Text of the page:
Unveiling the beautiful Hellebore

Hellebores are stunning plants. I have pointed this out before, I know, but want to remind you that it really is worth braving the cold to trim back the old Hellebore leaves to reveal the unfolding flowers. Here is the ‘before’ example in a client’s garden this week:

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Then 5 minutes later after some careful snipping:

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See what is revealed! Not only are hellebores beautiful in cream’s, yellows, pinks, purples and blacks but they also provide nectar for early foraging insects. So everyone is happy. Some varieties do tend to droop their heads so we miss the beautiful markings within the flower, but planting them in a raised bed or container means we can see their beauty more easily.

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Surreal Snowdrops

Spotting the first snowdrop opening its nodding head amidst the wintery weather of late January or early February is always a landmark in the turning year for me. I know we are on the first stage of an inevitable journey towards the riches of spring and summer. So each year I try to visit a different garden which specialises in Snowdrops, to celebrate their brief glory. This year it was the Chelsea Physic Garden in London. There were lots of beautiful varieties of Snowdrops threading through the borders, under shrubs and trees, in the shady conditions they love.IMG_0336But someone on the staff had also come up with a rather more unique way of displaying the tiny flowers, so we could look right up into the pretty bells. Hanging like christmas baubles from one of the trees by the entrance to the garden were snowdrop spheres, covered in moss and twisting gently in the breeze.

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Great fun for children…and adults too actually!

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My grandson was intrigued! We were also impressed by the novel (I use that word intentionally!) ‘bug hotels’ that were hanging from another tree.IMG_0341

The roof was made from an old gardening book covered in plastic, with lots of canes slotted below to give ladybirds, solitary bees and other beneficial mini-beasts a place to see out the winter.As an ex-librarian this appealed to both the literary and the horticultural aspects of my nature! I am going to search for a battered copy of Francis Hodgson Burnett’s ‘Secret Garden’ and make one myself next winter. Chelsea Physic is a real ‘secret garden’ of London, tucked away behind  old brick walls in Chelsea, full of interesting treasures whatever the time of year.

Bright winter Gardens


Not many people go out of their way to create a Winter border when they are designing their gardens. We tend to forget in the midst of summer’s profusion that the winter months can still be interesting in the garden, even if only viewed from the house. Here are some ideas to brighten your borders in winter.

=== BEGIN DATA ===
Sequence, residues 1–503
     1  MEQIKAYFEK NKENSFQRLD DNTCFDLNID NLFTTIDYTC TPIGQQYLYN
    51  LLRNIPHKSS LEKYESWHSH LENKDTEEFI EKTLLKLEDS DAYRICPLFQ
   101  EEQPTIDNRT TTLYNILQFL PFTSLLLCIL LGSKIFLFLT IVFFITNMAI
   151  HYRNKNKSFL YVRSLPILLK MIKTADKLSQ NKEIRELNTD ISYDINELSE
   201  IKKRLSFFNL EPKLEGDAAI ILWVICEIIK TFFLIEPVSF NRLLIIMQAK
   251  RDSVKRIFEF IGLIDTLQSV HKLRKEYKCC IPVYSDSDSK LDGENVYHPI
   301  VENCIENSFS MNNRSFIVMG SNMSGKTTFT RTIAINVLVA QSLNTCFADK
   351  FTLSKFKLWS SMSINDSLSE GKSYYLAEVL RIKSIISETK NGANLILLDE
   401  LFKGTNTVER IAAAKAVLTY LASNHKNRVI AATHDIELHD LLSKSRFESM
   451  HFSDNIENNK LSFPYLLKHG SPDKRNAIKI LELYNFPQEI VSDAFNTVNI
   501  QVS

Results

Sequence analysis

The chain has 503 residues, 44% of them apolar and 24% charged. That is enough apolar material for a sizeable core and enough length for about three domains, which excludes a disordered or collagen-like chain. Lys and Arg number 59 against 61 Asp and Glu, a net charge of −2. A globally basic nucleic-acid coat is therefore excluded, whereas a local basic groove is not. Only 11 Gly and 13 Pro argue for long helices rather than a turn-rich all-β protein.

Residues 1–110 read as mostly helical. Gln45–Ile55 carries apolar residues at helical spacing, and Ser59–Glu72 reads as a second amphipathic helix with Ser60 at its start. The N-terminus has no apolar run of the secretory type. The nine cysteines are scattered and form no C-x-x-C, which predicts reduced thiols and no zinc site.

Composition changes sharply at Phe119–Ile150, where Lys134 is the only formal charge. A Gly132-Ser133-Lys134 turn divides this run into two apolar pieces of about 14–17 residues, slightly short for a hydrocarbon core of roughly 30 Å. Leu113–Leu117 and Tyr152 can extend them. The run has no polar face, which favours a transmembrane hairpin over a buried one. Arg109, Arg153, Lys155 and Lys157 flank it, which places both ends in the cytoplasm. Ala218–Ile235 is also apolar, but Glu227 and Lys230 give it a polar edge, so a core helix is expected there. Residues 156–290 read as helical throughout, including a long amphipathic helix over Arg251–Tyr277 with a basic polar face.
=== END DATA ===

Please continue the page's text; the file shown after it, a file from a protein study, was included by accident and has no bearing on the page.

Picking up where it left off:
BARK & STEMS- include some trees or shrubs with interesting bark in the garden.

4-91A8B3C9-1274817-480 4-B2B44238-1824825-480 4-97A56DE3-1174327-480These are all varieties of Birch growing in a beautiful place in Devon on the northern edge of Datmoor called Stone Lane Gardens. This gardens holds the National collection of Birches developed over 40 years, and sells unusual varieties that you would not find elsewhere by mail order. A magical place, and venue for workshops and garden sculpture exhibitions each summer.

Try including shrubs with bright winter stems too such as red or yellow Cornus or the ghostly, silvery Rubus cockburnianus.DSC_0007

DSC_0017Try planting these in a spot that will catch the low winter sun which really helps them glow more brightly.

FOLIAGE – Evergreen foliage gives structure to the winter garden and if it is brightly coloured it will give a zing to your winter borders. Variegated Holly, and golden Conifers are traditional evergreens worth considering, but if you have a sheltered spot then Phormiums with variegated leaves can make impressive focal points.

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BERRIES – give great flashes of colour and provide food for birds.

imagesThis is Cotoneaster fridgidus ‘Cornubia’ in early winter. Including a rose which has lovely hips after the flowers fade means you get two season’s pleasure for the price of one.

rosehiptrailmix-featuredimageFLOWERS – Flowers blooming in the depths of winter is not an impossibility! This Prunus subhirtella ‘Autumnalis Rosea’ will flower on and off through the winter in milder spells.

Prunus-subhirtella-Autumnalis-RoseaHelllebores start to flower in late winter and provide early nectar for bees. Helleborus orientalis ‘Pink Lady’ is stunning.

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SCENT – Don’t forget to add some scented beauties to your winter border, or underestimate the power of scent to carry on a still day in winter. I have a Daphne odora ‘Aureomarginata’ by my front door, under the verandah, which begins to flower in mid January. The scent is deliciously sweet and heavy and cut stems will perfume the house for days.

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Sarcoccoca (Winter Box) has tiny, unremarkable flowers but the scent is amazingly strong especially when planted en masse. Viburnum farreri has clusters of pretty flowers which start to open in autumn and carries on through the winter.

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So next time you are revamping your garden don’t let spring and summer’s riches dazzle you into forgetting to squeeze in some colour, form and scent for winter in a special corner!